settler in this county; he is still living; his (subject's) mother was
also a native of Ohio, born in 1818, and died in this county, December
16, 1881. Our subject received his education in the common schools of
this county, and lived at home till he was twenty-three years of age,
when he engaged in farming for himse!f. He was married, in this county,
December 30, 1871, to Alice, daughter of Phillip and Sarah (Gilbert)
Moomaw. Her father was a native of Virginia. Her mother was born and
raised in Marion County, Ind. After his marriage, our subject farmed
two years on his father's place, which was situated east of the Bluffs.
In the fall of 1873, he moved onto his present farm, which now consists
of 160 acres on Big Keg Creek. His specialty is raising grain. He has
four children - Martin, Laura, Willie and Eugene. Mr. Follett belongs
to the I. O. O. F., and is Republican in politics.
GRIFFITH, George M.
Farmer, P. O. Neola, was born in Van Buren County, Iowa, May 26, 1850.
He is the son of Mahlon and Elvira (Mathew) Griffith. His father was a
potter by trade, was born in Licking County, Ohio, in 1817, and is
still living in Harrison County, Iowa, and is engaged in raising stock.
Our subject's mother was born in Virginia, near North Pass, in the
Alleghanies, in March, 1828, and is still living. His parents had
eleven children, five sons and six daughters, all of whom are living.
Our subject received a common school education and worked at home until
he was twenty-one years of age. He began life for himself by farming,
threshing and dealing in stock. He was married, in Knox Township, this
county, April 26, 1875, to Mary Randal, born in Peru, Hardy Co., W.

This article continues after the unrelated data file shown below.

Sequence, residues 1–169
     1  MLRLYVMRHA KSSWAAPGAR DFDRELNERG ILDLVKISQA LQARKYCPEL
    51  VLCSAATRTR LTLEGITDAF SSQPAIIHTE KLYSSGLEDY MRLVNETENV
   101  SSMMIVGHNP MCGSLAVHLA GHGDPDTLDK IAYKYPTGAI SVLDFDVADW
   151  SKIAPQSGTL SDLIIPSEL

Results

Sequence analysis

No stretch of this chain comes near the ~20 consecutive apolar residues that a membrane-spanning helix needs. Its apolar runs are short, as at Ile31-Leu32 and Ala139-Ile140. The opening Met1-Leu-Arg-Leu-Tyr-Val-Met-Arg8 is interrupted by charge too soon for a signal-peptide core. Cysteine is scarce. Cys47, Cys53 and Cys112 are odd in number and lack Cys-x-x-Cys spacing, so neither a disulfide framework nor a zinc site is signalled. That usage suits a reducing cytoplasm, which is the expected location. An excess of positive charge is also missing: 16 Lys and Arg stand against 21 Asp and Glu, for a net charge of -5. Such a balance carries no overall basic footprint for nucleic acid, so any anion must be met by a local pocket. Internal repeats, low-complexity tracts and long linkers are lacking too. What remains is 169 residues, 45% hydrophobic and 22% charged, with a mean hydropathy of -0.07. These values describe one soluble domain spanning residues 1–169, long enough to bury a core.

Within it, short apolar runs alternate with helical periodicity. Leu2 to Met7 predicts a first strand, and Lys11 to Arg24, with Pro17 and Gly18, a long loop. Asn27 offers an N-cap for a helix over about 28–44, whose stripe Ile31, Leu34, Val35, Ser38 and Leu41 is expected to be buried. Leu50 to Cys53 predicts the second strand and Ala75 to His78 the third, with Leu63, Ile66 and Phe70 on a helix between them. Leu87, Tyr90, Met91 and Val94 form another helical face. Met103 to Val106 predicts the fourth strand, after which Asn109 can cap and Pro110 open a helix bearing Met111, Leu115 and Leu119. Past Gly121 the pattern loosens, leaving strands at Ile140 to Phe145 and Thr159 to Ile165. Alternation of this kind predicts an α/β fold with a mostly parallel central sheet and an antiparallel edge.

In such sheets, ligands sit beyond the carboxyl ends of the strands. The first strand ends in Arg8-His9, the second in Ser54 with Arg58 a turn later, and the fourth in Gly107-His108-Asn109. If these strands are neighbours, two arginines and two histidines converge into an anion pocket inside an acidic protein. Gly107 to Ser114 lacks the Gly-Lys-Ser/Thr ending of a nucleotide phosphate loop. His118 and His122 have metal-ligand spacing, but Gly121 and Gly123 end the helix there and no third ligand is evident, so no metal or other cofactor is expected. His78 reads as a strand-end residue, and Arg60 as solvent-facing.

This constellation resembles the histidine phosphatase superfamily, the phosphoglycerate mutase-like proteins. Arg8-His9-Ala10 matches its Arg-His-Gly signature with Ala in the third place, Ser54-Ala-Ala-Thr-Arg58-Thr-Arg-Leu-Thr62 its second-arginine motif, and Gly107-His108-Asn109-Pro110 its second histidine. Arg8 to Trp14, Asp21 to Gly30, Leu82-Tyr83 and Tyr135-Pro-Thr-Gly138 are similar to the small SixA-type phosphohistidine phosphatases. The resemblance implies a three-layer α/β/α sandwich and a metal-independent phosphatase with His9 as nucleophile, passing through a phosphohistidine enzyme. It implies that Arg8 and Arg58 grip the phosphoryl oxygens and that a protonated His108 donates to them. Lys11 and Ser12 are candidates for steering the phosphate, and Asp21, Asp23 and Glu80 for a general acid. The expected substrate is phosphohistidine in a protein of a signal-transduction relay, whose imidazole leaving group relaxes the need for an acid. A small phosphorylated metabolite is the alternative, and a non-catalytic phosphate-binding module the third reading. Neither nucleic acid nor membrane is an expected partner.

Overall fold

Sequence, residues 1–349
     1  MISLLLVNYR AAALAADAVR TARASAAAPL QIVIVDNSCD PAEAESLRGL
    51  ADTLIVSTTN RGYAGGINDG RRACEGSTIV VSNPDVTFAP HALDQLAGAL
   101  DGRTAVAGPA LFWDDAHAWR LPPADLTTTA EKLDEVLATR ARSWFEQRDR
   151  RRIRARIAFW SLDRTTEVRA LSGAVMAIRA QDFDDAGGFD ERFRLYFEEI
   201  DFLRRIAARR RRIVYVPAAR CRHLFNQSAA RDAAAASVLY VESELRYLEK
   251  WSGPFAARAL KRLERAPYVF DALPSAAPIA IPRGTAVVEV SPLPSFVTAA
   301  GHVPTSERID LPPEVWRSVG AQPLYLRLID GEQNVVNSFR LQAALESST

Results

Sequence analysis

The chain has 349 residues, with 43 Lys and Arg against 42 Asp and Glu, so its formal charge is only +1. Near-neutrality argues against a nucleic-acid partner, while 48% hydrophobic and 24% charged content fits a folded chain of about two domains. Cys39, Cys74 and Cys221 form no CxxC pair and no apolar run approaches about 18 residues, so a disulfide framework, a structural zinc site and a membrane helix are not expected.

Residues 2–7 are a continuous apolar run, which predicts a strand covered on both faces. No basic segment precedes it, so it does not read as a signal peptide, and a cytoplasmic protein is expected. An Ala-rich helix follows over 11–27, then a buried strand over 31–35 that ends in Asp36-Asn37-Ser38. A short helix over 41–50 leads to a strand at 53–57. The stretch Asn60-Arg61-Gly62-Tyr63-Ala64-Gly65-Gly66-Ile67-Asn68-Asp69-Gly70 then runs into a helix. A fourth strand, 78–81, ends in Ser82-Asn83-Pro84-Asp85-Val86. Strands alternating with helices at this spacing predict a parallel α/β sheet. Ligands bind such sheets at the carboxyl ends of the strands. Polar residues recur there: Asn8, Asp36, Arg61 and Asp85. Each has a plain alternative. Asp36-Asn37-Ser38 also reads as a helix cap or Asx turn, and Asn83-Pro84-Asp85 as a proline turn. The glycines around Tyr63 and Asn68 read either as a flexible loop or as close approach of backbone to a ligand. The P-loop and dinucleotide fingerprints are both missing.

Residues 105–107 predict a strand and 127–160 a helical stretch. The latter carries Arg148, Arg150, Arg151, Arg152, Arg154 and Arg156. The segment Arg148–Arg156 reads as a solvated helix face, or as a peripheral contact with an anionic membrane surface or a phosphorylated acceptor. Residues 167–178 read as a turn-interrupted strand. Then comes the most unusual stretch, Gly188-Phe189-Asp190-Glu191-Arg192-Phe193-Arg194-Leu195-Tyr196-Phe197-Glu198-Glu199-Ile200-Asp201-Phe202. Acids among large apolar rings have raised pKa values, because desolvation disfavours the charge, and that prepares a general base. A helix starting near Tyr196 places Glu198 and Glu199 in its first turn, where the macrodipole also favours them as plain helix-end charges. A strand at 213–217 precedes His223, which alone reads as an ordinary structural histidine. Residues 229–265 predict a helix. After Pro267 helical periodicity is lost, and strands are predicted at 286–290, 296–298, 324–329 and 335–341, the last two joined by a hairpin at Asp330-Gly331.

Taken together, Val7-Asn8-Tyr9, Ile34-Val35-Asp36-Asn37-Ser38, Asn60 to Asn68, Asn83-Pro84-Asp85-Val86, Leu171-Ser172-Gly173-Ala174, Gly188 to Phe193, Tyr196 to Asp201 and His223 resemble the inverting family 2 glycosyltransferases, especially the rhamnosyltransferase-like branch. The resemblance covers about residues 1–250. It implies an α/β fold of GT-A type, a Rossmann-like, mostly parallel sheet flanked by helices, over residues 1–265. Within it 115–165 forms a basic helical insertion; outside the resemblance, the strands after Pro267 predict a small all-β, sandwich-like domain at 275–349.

Va., September 20, 1858; she is the daughter of Jacob and Leah
(Stickley) Randal, both of whom were natives of Virginia. Her father
was a farmer and an artist, born in October, 1828, and died in
Washington County, Iowa, in 1871. Her mother was born June 30, 1828,
and is living near Avoca, in this county. Our subject's parents came
from Ohio in 1850, stopped in Van Buren County a short time, and then
went to Iowa County, finally coming to this county in 1853, locating
about one mile east of Avoca. The family went back to Ohio in the
spring of 1858, but returned the following year to this county. In
1876, the father moved to Harrison County, Iowa, where he still
resides. After his marriage, our subject settled down to farming on his
own place, south of Avoca. He sold out, however, and moved nearer
Avoca, shortly after which he moved to Lynn Grove, and farmed the
Taylor place, on Silver Creek. After this he bought and improved a farm
in York Township. A year afterward, he sold it and moved back to about
four miles south of Avoca. After this he bought and improved his
present farm. He has had three children, but one of whom is living -
Claude, born February 26, 1877, died October 4, 1880; Guy, born
November 17, 1878, died September 8, 1880, and Waldo M., born March 10,
1881. Mrs. Griffith is a member of the church of the United Brethren in
Christ. In politics, Mr. Griffith is a Republican.
HARRIS, Edward E.
Farmer and teacher, P. O. Neola, was born in New Philadelphia,
Tuscarawas Co., Ohio, December 22, 1849. He is the son of John and
Lucinda (Edmonds) Harris. His father was born in Cumberland County,
Penn., April 1, 1826. His (subject's) mother was born in Tuscarawas
County, Ohio, March 29, 1826. Both of the parents are still living in
Lucas County, this State. Our subject received his early education in
the common schools, and afterward attended the High School at New
Philadelphia, but was obliged by circumstances to leave three months
before his time for graduation. He lived with his parents during his
youth. They came to Illinois in 1868, and lived near Pana, in Christian
County, until 1870, when they came to Lucas County, this State. Our
subject taught school during the winter of 1868-69. He taught two terms
in Illinois and two in Iowa. He came to this county November 11, 1876,
and commenced teaching November 13, of the same year, in District No.
9. He has taught one season since, the balance of the time being
in farming. He bought the farm on which he now resides in 1880. He was
married, in Douglas County, Neb., December 25, 1876, to Hannah A.
Richards, born December 19, 1854; she is the daughter of William and
Fidelia (Gould) Richards. Her father is a native of England, and her
mother of New York. Both are living in York Township, this county. Mr.
and Mrs. Harris have four children - Francis Burt, born October 25,
1877; Eugenia May, born April 25, 1879; George Edward, born August 4,